Riviera Beach considers new development plan

Riviera Beach - City Hall council chambers were packed Saturday with all that is Riviera Beach: rich and poor and black and white all listening to instructions for creating their city's new master plan.

Then came questions: We already have plans, so why reinvent the wheel? And what about all the money the city spent on the old plan?

Former Mayor Michael Brown, who lost his seat in March in a battle over redevelopment, stood up to say that it was disingenuous to suggest the former plan had no value. It brought new buildings and new tax revenues, he said.

If you go:

The Design Studio will be held today through Thursday,
9 a.m. to 10 p.m., in the Utilities Department conference room
at 600 Blue Heron Blvd., Riviera Beach.

A presentation will start at 7 p.m. Friday in City Hall
at the same address.

It was a tense launch of an event that is supposed to bring people together.

But a longtime resident of the city's run-down west side, Mary Brabham was having none of it.

"I would like for the people gathered here today to come up with a comprehensive plan that doesn't exclude, but includes," Brabham said.

"I would like to say to the people of Singer Island, we are all in this together. Someone mentions the name Riviera Beach, it is a stigma. Do you think you can escape it?" she asked. "I would like to see all of us get together and create a comprehensive plan."

In this way, the splintered communities of Riviera Beach put down their sometimes barbed relations on Saturday and instead picked up colored markers and started drawing together. They drew for hours, planning projects to help the city overcome years of blight.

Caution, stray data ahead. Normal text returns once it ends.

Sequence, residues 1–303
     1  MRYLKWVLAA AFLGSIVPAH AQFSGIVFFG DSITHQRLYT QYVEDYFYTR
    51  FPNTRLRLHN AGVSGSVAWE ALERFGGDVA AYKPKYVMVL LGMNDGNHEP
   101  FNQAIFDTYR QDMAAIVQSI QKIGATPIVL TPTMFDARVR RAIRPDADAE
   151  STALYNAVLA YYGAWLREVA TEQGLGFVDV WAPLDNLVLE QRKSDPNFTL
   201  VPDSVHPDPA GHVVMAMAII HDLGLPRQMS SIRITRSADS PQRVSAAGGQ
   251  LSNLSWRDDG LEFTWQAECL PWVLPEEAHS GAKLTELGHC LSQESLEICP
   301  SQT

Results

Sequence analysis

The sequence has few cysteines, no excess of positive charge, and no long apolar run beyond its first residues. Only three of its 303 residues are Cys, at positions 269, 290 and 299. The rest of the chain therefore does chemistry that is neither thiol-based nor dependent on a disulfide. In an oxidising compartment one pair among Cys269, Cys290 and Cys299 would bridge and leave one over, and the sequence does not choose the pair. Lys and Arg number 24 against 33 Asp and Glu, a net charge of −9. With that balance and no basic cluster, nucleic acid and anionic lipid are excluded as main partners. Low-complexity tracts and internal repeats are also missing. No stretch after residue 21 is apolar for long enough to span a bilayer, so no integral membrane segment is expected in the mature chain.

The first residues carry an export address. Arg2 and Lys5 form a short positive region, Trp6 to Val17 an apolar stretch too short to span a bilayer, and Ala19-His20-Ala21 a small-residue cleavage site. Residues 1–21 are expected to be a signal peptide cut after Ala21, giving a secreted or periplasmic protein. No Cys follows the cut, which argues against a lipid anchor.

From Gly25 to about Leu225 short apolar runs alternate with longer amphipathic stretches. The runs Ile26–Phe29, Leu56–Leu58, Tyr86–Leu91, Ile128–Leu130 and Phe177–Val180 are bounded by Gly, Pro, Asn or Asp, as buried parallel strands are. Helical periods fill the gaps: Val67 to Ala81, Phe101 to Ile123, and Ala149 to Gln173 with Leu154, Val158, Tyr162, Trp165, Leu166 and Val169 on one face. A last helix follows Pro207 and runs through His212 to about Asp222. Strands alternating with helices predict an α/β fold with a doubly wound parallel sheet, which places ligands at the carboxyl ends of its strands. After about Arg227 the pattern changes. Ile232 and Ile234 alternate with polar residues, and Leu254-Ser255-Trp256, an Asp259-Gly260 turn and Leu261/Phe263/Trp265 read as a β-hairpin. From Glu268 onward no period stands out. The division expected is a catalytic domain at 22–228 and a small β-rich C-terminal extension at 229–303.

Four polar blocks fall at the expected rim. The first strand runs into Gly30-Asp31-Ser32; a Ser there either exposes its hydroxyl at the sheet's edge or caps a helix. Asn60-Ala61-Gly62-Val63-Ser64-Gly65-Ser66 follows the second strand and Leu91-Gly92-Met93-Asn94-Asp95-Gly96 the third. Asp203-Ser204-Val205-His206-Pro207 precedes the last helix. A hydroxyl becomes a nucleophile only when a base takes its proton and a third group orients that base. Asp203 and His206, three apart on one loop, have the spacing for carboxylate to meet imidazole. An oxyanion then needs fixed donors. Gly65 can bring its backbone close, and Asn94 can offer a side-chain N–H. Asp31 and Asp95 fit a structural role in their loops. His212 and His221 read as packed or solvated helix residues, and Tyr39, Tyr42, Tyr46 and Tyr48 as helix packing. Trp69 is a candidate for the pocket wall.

Hands waved, others drew, still others took notes as residents stood around tables and created the Riviera Beach they want.

"Riviera Beach has been the stepchild of Palm Beach County. They have been beaten up for so long, so many years," said County Commissioner Addie Greene, who represents Riviera Beach. "The citizens are saying, 'Enough is enough. We want a working waterfront. We want jobs. We want businesses. We deserve it.'"

The weeklong process of residents helping redesign the master redevelopment plan started Saturday. The meeting, run by the Treasure Coast Regional Planning Council, is intended to help heal this city, troubled by redevelopment woes.

The city came under scathing criticism for its redevelopment spending in a state audit last year that has led to a federal investigation. And Singer Island residents battled Brown over having a say on the redevelopment of Ocean Mall on the island's only public beach. They won a referendum fight and helped push him out of office.

Brown and his supporters say they had the rug pulled out from under them last year when the state passed a law barring cities from using eminent domain to seize private property for redevelopment. 

"The city put out tons of money and to just throw those plans out doesn't make sense," Councilwoman Norma Duncomb said.

Dawn Pardo, a leader of the referendum fight, said there was a good cross-section of residents. 
"We have residents from the mainland, from Singer Island," Pardo said. "We have developers here and small business owners. This is exactly what we were hoping for."

The groups came up with more than a dozen plans, many highlighting the need to create a gateway along Broadway and Blue Heron Boulevard and build activity-rich waterfronts both at the marina and Ocean Mall.

Treasure Coast planners will spend the next five days publicly pulling all those plans together with public input.

"Plans that we do are intended to unify the community, not divide," said Michael Busha, head of the Treasure Coast. "There is a division in Riviera Beach ... between Singer Island and the mainland and that's got to stop. The only way I know how to do that in my profession is to unify them over a plan. Something that is going to help everybody."

Dianna Cahn can be reached at dcahn@sun-sentinel.com or 561-228-5501.